Date of Conferral







Timothy Powell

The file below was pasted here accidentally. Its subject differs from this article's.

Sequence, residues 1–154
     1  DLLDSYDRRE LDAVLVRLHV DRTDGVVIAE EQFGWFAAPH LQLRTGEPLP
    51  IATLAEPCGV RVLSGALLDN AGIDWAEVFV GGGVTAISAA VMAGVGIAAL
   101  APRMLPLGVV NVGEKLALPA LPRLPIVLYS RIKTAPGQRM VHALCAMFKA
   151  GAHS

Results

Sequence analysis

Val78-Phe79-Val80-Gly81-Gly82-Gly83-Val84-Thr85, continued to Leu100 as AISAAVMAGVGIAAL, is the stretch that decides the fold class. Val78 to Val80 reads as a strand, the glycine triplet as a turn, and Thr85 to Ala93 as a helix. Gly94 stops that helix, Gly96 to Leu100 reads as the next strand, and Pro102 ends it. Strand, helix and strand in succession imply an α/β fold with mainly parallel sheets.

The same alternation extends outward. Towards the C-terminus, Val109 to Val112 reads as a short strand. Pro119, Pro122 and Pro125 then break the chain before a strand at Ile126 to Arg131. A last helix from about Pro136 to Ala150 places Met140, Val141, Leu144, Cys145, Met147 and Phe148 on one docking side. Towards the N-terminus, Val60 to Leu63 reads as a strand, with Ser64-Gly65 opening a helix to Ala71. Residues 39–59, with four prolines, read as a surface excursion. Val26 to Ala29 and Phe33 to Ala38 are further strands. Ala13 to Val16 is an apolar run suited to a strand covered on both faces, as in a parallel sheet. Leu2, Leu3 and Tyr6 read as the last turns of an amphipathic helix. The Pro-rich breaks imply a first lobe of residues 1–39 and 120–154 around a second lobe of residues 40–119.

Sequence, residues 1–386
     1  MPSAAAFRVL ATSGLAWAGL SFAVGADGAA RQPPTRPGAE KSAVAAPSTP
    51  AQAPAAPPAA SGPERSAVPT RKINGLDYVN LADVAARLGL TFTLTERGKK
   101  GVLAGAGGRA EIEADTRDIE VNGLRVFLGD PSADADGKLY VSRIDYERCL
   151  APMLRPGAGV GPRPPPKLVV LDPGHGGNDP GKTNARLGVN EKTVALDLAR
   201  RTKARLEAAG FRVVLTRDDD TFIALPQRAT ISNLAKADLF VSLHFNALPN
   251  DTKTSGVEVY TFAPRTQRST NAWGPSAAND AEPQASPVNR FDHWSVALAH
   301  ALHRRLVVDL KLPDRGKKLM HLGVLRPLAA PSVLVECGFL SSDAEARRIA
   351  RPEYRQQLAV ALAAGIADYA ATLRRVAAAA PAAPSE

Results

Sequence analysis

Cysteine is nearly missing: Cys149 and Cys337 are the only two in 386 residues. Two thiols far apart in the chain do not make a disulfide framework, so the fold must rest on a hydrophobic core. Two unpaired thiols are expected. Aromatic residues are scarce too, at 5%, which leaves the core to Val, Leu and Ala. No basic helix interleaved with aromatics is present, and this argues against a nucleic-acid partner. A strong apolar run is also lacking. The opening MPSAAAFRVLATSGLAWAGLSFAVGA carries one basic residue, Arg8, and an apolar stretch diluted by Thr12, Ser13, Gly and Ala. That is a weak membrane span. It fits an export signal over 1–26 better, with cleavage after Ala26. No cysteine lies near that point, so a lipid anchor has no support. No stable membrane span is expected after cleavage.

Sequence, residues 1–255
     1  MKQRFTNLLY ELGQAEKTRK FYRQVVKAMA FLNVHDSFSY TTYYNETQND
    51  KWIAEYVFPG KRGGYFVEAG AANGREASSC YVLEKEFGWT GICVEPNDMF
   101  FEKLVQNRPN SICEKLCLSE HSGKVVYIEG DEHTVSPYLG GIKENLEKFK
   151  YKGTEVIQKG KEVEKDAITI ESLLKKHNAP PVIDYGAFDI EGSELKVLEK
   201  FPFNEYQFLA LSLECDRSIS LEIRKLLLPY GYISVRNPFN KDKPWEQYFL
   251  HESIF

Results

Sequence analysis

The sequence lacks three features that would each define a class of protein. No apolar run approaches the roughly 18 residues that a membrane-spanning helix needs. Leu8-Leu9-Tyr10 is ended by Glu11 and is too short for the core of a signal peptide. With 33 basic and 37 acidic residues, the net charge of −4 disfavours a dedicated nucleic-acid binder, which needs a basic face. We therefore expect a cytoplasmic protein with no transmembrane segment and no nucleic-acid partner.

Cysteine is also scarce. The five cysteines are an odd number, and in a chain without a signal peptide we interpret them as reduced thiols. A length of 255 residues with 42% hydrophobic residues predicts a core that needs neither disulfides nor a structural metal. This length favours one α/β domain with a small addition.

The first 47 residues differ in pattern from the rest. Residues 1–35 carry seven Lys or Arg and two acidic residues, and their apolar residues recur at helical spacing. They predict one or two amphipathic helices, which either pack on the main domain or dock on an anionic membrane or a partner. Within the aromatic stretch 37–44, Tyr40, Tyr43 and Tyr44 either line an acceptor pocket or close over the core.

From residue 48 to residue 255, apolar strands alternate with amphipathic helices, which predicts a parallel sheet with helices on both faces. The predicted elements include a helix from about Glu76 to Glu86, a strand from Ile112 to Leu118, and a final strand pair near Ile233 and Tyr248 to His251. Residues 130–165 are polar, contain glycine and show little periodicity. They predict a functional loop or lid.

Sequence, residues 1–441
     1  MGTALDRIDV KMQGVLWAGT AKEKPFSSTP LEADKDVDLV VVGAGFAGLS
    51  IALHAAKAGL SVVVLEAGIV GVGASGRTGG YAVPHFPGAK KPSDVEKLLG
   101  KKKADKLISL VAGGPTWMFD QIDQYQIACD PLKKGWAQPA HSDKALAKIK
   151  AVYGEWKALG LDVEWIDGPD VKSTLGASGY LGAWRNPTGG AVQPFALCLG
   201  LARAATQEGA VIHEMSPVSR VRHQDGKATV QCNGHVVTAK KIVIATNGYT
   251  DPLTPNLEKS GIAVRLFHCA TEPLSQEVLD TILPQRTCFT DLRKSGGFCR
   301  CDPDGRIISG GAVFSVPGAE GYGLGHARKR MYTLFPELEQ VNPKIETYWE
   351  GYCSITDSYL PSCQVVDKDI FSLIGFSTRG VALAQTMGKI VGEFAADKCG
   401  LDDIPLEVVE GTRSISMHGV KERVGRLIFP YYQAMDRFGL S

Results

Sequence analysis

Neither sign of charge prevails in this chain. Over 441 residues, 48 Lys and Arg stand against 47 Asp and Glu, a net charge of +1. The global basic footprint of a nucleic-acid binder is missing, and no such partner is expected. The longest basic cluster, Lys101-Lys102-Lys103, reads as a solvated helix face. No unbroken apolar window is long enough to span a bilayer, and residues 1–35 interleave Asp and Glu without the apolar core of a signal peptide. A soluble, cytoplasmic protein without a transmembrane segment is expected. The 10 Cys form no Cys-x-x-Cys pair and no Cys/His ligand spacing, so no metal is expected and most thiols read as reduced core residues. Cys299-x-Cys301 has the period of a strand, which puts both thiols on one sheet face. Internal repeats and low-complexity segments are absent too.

The relatively little amount of time that some college students spend reading their textbooks outside of lectures presents a significant threat to their academic success. One possible solution to this problem is the use of digital games as an alternative to outside-of-class textbook reading, but a review of previous research did not reveal much information on their efficacy when compared to traditional textbooks. Using Astin's theory of student engagement as a framework, the purpose of this quantitative causal-comparative study was to determine whether a significant difference in engagement, as indicated by mental effort and time on task, existed for college students who used a digital game-based textbook versus students who used a traditional print-based textbook. The 54 undergraduate college students in this convenience sample were randomly assigned to one of the two textbook types and completed an activity session at an individual workstation. Time on task was measured with a stopwatch and mental effort with the Mental Effort Scale. The results showed a statistically significant difference in engagement between participants in the digital game-based and traditional print-based textbook groups, Hotelling's T2(2, 52) = 25.11, p < .001, D 2=1.86. In the post hoc analyses, the digital game-based group had significantly higher time on task scores than the traditional print-based textbook group (t = 34.61, p < .001). The mental effort difference was not significant, although the mean mental effort score was higher for the digital game-based group. These results provide evidence of a digital game-based textbook's utility, and may inform college educators in their efforts to support a more diverse group of learners.